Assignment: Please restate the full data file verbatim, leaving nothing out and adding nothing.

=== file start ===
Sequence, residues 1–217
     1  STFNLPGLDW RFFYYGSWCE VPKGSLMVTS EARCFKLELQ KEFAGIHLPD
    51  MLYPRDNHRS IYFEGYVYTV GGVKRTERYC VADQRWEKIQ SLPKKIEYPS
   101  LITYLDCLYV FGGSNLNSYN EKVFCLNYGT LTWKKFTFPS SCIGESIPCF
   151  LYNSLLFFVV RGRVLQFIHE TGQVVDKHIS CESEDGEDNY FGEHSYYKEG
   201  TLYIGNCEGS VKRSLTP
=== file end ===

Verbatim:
Sequence, residues 1–217
     1  STFNLPGLDW RFFYYGSWCE VPKGSLMVTS EARCFKLELQ KEFAGIHLPD
    51  MLYPRDNHRS IYFEGYVYTV GGVKRTERYC VADQRWEKIQ SLPKKIEYPS
   101  LITYLDCLYV FGGSNLNSYN EKVFCLNYGT LTWKKFTFPS SCIGESIPCF
   151  LYNSLLFFVV RGRVLQFIHE TGQVVDKHIS CESEDGEDNY FGEHSYYKEG
   201  TLYIGNCEGS VKRSLTP